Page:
TORRANCE, Calif., March 20, 2012 – From Hawaii to New York, student teams were honored today for their innovative environmental programs and rewarded with a total of $500,000 in scholarships and grants.
Two Grand Prize winners earned $30,000 each, and eight First Place winning teams were awarded $15,000 each. “The Green Musketeers” from Jericho High School in Jericho, New York, and the “One-Towel Wonders” from SCAPA Bluegrass in Lexington, Ky., were the Grand Prize winners. “The Green Musketeers” created their own filtration system with the goal of patenting it, selling it, and using profits toward developing systems in third-world countries. The “One-Towel Wonders” demonstrated how a simple idea – using one towel per person, per week – would benefit the environment. For their efforts, each grand prize winner will receive $30,000, of which the school will receive a grant for $7,000, the teacher advisor will get a $3,000 grant, and the students will share $20,000 in scholarships.
Since the program was created, the Lexus Eco Challenge has awarded $4 million in scholarships and grants to empower middle and high school students to learn about the environment and take action to improve it.
“For anyone who wonders if teens today care about the world, the Lexus Eco Challenge is proof that they do,” said Mark Templin, Lexus group vice president and general manager. “Through this program, more than 25,000 participants have demonstrated that they want to make the world a better place. By coming up with real-world solutions to environmental challenges, students are learning how they can make a difference in the world around them.”
The eight First Place teams each won $15,000 with $3,000 for the school, $2,000 for the teacher advisor and $10,000 in scholarships for the students. The winning teams were:
- California (Arboga) – “Team Aqua” – Arboga Elementary School – Raised money and awareness around the world for water conservation programs.
- California (La Crescenta) – “Carbonators” – Clark Magnet High School – Used ArcGIS to analyze smog levels around the world and how that impacts health.
- Florida (Miami) – “The Trophic” – Miami Palmetto Senior High School – Focused on reducing carbon dioxide emissions through programs to benefit the land, air and water in their community.
- Hawaii (Wahiawa) – “WEACT” – Leilehua High School – Launched an environmental awareness program in the community to culminate in the construction of a mural.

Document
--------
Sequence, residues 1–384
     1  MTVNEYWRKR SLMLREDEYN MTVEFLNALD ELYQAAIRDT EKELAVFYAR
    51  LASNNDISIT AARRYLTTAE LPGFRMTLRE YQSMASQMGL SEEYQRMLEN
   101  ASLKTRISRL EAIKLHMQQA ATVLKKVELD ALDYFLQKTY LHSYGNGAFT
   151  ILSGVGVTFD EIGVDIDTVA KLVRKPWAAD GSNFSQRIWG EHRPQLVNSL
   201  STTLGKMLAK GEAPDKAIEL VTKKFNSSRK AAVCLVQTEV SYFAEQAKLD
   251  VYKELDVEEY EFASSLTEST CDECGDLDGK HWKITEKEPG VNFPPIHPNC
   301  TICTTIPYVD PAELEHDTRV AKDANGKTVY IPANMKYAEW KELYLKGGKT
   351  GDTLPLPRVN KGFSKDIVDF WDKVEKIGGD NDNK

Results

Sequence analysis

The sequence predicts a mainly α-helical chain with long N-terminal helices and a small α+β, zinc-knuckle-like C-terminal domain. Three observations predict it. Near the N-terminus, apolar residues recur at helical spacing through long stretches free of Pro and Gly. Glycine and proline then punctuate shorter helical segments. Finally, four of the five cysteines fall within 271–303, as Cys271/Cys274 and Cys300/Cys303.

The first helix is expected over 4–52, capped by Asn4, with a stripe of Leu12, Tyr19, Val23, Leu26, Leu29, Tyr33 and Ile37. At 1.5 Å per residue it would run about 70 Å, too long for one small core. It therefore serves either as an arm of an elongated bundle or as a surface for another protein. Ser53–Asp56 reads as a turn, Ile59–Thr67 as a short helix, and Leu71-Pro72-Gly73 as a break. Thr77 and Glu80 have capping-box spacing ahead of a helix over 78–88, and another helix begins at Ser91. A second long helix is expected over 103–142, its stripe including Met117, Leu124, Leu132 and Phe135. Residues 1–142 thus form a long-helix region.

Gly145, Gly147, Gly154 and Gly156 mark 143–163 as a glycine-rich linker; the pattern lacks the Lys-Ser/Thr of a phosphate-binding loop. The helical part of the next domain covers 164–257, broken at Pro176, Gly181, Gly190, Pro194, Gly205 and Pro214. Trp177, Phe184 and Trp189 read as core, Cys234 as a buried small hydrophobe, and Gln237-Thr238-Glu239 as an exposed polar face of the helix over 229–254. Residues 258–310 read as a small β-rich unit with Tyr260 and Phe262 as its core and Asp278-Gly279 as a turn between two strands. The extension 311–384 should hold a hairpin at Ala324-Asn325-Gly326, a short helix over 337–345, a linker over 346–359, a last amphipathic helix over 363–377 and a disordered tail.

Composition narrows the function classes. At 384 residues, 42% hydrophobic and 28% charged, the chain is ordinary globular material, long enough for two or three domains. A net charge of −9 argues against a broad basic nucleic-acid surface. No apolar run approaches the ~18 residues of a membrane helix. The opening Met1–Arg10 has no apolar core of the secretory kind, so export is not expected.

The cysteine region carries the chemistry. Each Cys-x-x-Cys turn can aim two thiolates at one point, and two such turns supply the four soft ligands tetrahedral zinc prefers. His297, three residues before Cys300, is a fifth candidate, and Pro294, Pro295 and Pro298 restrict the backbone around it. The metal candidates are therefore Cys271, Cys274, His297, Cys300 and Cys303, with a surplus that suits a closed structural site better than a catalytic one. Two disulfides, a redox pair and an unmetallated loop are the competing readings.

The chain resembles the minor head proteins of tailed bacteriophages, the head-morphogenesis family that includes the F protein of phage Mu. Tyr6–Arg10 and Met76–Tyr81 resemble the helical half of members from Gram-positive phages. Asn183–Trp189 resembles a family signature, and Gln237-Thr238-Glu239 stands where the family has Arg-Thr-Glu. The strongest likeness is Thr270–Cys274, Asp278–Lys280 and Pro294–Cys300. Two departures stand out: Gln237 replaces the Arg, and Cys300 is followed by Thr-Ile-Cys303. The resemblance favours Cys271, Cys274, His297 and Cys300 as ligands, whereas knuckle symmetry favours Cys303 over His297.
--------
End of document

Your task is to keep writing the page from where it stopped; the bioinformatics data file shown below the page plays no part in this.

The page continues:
- Kentucky (Lexington) – “Purpledinowolficorns” – Tates Creek Middle School – Developed proposal to the mayor about involving the community to improve the city.
- Michigan (Whitehall) – “WMS Carbon Busters” – Whitehall Middle School – Encouraged the school, community and state to pass on bottled water and drink tap water.
- Ohio (Chesterland) – “Environmental Discovery Project” – West Geauga High School – Contacted international communities to encourage composting
- South Carolina (Hanahan) – “HMS Hawks” – Hanahan Middle School – Raised awareness of the benefits of eating locally grown produce.
“The Lexus Eco Challenge is an integral part of the environmental studies curriculum at SCAPA,” said Ashlie Beals, teacher advisor for the “One-Towel Wonders.” ”For the past five years all of my 8th grade students have worked in teams to create and implement innovative campaigns to encourage others to make one small change that can have a large positive impact on our environment. During the challenge students sharpen their oral and written communication skills, utilize many forms of technology, and work together actively and enthusiastically to solve real-life problems. My younger students eagerly look forward to their chance to participate in the challenge when they are in 8th grade. I can’t thank Lexus and Scholastic enough for offering this tremendous opportunity to my students.”
This year’s winners emerged from more than 400 registered teams representing nearly 3,000 middle and high school students nationwide. The 10 winners were selected from 32 teams that qualified to enter the Final Challenge by winning in one or both of the two previous Challenges that were held from September to February. The earlier phases of the contest, which required teams to address the topics of land, water, air or climate, challenged teams to make a difference for the environment in their local communities. The Final Challenge asked teams to reach beyond the local community and inspire environmental action around the world.
In addition to the ongoing contest, the Lexus Eco Challenge also includes educational materials designed by Scholastic to encourage teachers to integrate creative lesson plans into their classrooms to help teach students about the environment. For each challenge, the web site (www.scholastic.com/lexus
) has lesson plans and teacher instructions including questions to help guide a discussion about the current challenge topic, facts about the topic, and guidelines for a specific classroom project.
The Lexus Eco Challenge will enter its sixth year in fall 2012. Teachers and students are encouraged to visit www.scholastic.com/lexus
to view all the winning entries and to learn how they can take part in the next challenge.